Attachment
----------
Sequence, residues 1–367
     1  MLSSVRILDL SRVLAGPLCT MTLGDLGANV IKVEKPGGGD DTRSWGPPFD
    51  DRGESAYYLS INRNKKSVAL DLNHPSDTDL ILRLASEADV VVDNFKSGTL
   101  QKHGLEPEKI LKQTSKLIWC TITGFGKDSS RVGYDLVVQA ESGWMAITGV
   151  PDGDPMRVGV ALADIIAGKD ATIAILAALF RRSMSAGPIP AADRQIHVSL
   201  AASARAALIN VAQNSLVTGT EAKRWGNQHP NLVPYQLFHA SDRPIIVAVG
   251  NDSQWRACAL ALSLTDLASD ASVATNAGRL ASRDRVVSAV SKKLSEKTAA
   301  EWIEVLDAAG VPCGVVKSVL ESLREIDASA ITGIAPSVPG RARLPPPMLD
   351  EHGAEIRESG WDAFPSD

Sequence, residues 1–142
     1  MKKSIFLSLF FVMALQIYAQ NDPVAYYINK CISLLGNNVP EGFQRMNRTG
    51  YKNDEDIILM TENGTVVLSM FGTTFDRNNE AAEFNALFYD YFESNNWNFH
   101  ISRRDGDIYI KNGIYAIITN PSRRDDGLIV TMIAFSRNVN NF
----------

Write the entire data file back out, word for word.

Sequence, residues 1–367
     1  MLSSVRILDL SRVLAGPLCT MTLGDLGANV IKVEKPGGGD DTRSWGPPFD
    51  DRGESAYYLS INRNKKSVAL DLNHPSDTDL ILRLASEADV VVDNFKSGTL
   101  QKHGLEPEKI LKQTSKLIWC TITGFGKDSS RVGYDLVVQA ESGWMAITGV
   151  PDGDPMRVGV ALADIIAGKD ATIAILAALF RRSMSAGPIP AADRQIHVSL
   201  AASARAALIN VAQNSLVTGT EAKRWGNQHP NLVPYQLFHA SDRPIIVAVG
   251  NDSQWRACAL ALSLTDLASD ASVATNAGRL ASRDRVVSAV SKKLSEKTAA
   301  EWIEVLDAAG VPCGVVKSVL ESLREIDASA ITGIAPSVPG RARLPPPMLD
   351  EHGAEIRESG WDAFPSD

Sequence, residues 1–142
     1  MKKSIFLSLF FVMALQIYAQ NDPVAYYINK CISLLGNNVP EGFQRMNRTG
    51  YKNDEDIILM TENGTVVLSM FGTTFDRNNE AAEFNALFYD YFESNNWNFH
   101  ISRRDGDIYI KNGIYAIITN PSRRDDGLIV TMIAFSRNVN NF